7. Great Grains: We can't forget the energy-boosting benefits of whole grains found in bread and cereal. Choose labels that say "100% whole wheat" or have added fiber or vitamins. These products are low in sugar and high in nutrients and will keep your energy high. Spread 2 tablespoons of natural peanut butter on a piece of whole wheat toast and top with sliced banana for a quick, nutritious breakfast.
Fall is a great time for change. Add something to your day that will help increase your energy so you can tackle everything with a clear mind and a fully-functioning body. Dig deep and find what works for you, what kinds of foods you like and what will help you get through your day more efficiently.
8 Tricks For Instant Energy
(BlackDoctor.org) -- When you're most vulnerable to fatigue and stress, you need a foolproof plan to help you fight it. These eight strategies ensure you will wake up refreshed and recharged, remain alert throughout the day, and wind down just in time for a good night's sleep.
1. Wake Up
Don’t: Sleep in
Do: Get up at the same time and bath yourself in light
This enables your circadian rhythms, which are governed by your body's "master clock" in the hypothalamus gland, to stay in synch with the 24-hour day. In the absence of light, your body's sleep-wake cycle wants to delay by an average of 12 minutes every day and work on a 24.2-hour rhythm.
"That means your body wants to keep pushing your bedtime to later," says Mariana Figueiro, PhD, program director of Rensselaer Polytechnic Institute's Lighting Research Center. "But if you let that happen and still have to get up at the same time every day, you're going to be tired."
To keep your circadian rhythms in time, aim for 30 minutes of light as early as possible every morning, even on a Saturday, by enjoying a half-hour stroll outdoors or having your breakfast by a sunny window. If your schedule forces you to wake up while it’s still dark outside, crank up the indoor lights – every little bit may help.
Don’t:Load up on carbs Do:Eat more protein
Although carbs can give you a burst of rapid fuel, they can also be an energy drain if you consume too many. Nutrition experts at the University of Illinois reported in in a recent study that people who reduced the amount of carbohydrates in their diets and raised the amount of protein reported feeling more energetic.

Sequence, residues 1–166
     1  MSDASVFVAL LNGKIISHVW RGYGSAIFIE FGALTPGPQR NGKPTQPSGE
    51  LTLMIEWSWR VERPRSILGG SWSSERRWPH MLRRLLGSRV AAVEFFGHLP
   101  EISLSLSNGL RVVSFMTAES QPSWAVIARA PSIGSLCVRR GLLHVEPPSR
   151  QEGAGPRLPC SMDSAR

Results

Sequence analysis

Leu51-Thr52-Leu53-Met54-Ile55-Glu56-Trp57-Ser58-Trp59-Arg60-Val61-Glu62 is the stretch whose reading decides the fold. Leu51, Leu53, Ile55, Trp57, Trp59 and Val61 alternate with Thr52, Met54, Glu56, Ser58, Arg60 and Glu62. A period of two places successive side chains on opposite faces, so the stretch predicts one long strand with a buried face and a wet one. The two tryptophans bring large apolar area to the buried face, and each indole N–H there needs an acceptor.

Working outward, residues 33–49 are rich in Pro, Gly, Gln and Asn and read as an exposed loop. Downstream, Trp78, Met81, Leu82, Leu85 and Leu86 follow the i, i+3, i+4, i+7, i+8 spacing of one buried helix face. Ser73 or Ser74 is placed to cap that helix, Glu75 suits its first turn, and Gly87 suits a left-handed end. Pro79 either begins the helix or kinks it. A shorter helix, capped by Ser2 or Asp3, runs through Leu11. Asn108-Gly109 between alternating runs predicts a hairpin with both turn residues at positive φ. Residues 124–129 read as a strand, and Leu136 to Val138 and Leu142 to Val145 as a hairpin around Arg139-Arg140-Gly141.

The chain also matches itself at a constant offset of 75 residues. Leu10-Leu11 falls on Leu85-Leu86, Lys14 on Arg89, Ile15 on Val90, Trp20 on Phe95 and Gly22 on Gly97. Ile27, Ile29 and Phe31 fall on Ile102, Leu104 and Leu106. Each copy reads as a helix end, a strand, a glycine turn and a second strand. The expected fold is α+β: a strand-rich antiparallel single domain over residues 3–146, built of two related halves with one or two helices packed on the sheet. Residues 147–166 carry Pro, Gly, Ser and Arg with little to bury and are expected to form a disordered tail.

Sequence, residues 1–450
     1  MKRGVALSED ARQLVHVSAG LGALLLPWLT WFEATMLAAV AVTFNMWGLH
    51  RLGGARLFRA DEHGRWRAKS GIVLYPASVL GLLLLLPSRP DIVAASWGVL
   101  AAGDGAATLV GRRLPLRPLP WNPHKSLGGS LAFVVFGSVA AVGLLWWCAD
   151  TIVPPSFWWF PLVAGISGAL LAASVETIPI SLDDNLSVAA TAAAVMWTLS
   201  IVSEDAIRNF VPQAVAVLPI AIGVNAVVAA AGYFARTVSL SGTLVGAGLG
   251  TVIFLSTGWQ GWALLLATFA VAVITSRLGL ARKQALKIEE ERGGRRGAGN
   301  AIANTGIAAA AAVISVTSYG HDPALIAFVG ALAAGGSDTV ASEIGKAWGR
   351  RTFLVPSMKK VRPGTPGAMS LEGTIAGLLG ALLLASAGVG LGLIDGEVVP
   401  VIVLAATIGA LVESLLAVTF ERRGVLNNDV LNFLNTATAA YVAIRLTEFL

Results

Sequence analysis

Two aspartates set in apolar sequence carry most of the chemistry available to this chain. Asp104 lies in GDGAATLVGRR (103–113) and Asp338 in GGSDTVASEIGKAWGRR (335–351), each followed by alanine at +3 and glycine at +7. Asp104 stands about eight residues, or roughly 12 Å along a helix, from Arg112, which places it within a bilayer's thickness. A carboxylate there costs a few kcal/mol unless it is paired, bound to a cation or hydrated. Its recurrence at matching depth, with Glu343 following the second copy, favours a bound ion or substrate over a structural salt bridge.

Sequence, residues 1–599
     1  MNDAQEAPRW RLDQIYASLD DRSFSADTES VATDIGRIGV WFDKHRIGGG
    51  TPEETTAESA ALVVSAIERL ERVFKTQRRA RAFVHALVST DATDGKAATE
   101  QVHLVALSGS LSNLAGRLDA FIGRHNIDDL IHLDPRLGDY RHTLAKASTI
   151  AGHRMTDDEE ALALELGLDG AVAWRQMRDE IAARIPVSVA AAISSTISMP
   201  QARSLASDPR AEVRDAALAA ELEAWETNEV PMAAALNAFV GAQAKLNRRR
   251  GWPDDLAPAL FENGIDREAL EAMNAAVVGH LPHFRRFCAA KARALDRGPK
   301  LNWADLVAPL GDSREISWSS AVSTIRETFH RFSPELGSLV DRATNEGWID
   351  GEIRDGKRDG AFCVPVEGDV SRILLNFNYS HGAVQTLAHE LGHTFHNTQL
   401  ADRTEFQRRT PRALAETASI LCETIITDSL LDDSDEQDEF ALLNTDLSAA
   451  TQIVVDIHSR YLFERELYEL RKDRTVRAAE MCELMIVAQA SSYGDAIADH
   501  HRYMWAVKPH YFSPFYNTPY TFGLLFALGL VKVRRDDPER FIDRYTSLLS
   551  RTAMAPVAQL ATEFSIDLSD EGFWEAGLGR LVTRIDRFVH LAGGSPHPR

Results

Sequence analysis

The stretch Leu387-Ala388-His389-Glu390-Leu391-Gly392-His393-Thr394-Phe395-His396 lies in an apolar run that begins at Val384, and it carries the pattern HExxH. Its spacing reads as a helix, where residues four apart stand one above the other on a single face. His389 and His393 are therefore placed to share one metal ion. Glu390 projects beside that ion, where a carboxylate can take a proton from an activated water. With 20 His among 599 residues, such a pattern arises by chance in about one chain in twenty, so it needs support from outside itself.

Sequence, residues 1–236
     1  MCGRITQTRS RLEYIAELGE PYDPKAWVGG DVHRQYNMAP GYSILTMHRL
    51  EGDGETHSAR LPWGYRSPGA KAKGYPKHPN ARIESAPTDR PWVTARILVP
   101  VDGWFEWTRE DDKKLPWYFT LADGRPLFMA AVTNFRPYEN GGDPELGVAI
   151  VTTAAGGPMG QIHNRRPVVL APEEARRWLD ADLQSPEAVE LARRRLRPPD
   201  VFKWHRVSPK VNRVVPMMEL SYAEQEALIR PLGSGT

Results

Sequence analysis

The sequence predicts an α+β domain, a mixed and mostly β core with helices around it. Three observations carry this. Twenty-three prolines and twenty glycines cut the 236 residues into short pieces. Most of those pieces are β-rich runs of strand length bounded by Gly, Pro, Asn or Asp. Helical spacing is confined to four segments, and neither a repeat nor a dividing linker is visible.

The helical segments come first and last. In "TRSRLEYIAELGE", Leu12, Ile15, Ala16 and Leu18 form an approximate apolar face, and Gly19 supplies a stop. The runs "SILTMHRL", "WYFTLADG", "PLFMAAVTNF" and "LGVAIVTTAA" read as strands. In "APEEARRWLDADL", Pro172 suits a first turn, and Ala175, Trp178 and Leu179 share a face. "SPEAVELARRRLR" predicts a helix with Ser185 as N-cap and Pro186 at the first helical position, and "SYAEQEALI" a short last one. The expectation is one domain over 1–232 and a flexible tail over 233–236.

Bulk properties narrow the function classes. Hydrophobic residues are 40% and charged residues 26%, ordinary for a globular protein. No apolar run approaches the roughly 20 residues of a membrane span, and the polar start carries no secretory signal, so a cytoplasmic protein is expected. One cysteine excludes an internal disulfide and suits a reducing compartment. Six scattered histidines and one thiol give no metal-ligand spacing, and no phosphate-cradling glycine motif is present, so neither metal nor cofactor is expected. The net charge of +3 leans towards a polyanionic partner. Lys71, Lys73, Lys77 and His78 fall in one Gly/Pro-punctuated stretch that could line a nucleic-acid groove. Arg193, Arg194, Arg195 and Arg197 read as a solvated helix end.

Keep your daily intake of healthy carbs below 150 g: five servings of vegetables; two servings of fruit; and three or four servings of starchy (preferably whole grain) carbohydrates such as bread, rice, pasta, and cereal. For instance:
3. Drink Coffee (yes! an ergogenic aid people! lol)
Don’t: Downing several cups first thing in the morning
Do: Save a cup for later in the day
You don’t just need it in the morning. Caffeine keeps you operating at a high level by blocking the effects of adenosine, a sleep-inducing brain chemical that accumulates as the day wears on. By the time adenosine builds up to the point where you start feeling sleepy—generally, late in the afternoon—the effects of your morning caffeine will have worn off, says James K. Wyatt, PhD, director of the Sleep Disorders Service and Research Center at Rush University Medical Center. "Having 1/2 to 1 cup of coffee or its caffeine equivalent during the late afternoon, when the pressure to sleep is high, will keep you energized," he says.
4. Time Your Meals
Don’t:Graze all day long Do: Eat your meals at the same time every day
Your body's caloric needs are closely tied to its other daily rhythms, including when you get up and go to bed and when you expend the most energy (during your late-day fitness walk, for example). "What will make you tired is if your body expects a 7 a.m. breakfast and a 12 p.m. lunch and you skip one of those," says Layman. "Chaotic eating leads to greater hunger and overeating."
WORKOUT RECOVERY IS NECESSARY!
Sometimes taking a few days off from the gym will give your body some time to recoverand repair itself both physically and mentally. Also make sure to get enough sleep(at least 7-8 hours a night) and be sure to focus on eating well by getting adequate amounts of protein, complex carbohydrates, and lots of fruits and veggies.
Most importantly, take care of yourself. Make sure you are eating a well-balanced diet and getting adequate sleep. If you're not feeling well, give yourself a break. You may end up doing more harm than good by pushing yourself to exercise if you're getting sick.
Make Sure You Are Eating A Well-Balanced Diet
And Getting Adequate Sleep.
Rest And Recovery
Allowing your body to rest and recover for a day (or two) gives your hard working muscles time to repair those tears, and a wonderful thing happens-your muscles start to grow back stronger! Without ample recovery time, you continue breaking down the muscle fibers and that's when fatigue and injurycan occur.
By taking one day off from your workouts a week, you are able to give your body the proper rest and recovery that it needs to repair itself.
By Taking One Day Off From Your Workouts A Week, You Are Able To Give Your Body The Proper Rest And Recovery That It Needs To Repair Itself.